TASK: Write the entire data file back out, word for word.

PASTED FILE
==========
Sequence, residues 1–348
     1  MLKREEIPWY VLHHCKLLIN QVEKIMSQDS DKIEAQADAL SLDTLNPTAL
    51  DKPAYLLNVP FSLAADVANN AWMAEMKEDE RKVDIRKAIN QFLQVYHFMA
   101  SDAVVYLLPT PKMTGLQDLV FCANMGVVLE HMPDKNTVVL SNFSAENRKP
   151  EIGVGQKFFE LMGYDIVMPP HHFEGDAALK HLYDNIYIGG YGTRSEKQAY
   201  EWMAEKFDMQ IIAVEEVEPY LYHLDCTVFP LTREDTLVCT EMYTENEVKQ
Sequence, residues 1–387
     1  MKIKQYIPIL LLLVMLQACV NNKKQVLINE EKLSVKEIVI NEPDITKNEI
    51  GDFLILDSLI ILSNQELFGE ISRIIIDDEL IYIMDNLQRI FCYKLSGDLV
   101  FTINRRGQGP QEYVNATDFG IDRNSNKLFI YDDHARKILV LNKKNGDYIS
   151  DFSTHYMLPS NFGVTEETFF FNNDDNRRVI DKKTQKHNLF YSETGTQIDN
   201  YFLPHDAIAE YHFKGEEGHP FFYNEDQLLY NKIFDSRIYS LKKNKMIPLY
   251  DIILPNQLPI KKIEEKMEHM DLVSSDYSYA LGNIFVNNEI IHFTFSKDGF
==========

Sequence, residues 1–348
     1  MLKREEIPWY VLHHCKLLIN QVEKIMSQDS DKIEAQADAL SLDTLNPTAL
    51  DKPAYLLNVP FSLAADVANN AWMAEMKEDE RKVDIRKAIN QFLQVYHFMA
   101  SDAVVYLLPT PKMTGLQDLV FCANMGVVLE HMPDKNTVVL SNFSAENRKP
   151  EIGVGQKFFE LMGYDIVMPP HHFEGDAALK HLYDNIYIGG YGTRSEKQAY
   201  EWMAEKFDMQ IIAVEEVEPY LYHLDCTVFP LTREDTLVCT EMYTENEVKQ
Sequence, residues 1–387
     1  MKIKQYIPIL LLLVMLQACV NNKKQVLINE EKLSVKEIVI NEPDITKNEI
    51  GDFLILDSLI ILSNQELFGE ISRIIIDDEL IYIMDNLQRI FCYKLSGDLV
   101  FTINRRGQGP QEYVNATDFG IDRNSNKLFI YDDHARKILV LNKKNGDYIS
   151  DFSTHYMLPS NFGVTEETFF FNNDDNRRVI DKKTQKHNLF YSETGTQIDN
   201  YFLPHDAIAE YHFKGEEGHP FFYNEDQLLY NKIFDSRIYS LKKNKMIPLY
   251  DIILPNQLPI KKIEEKMEHM DLVSSDYSYA LGNIFVNNEI IHFTFSKDGF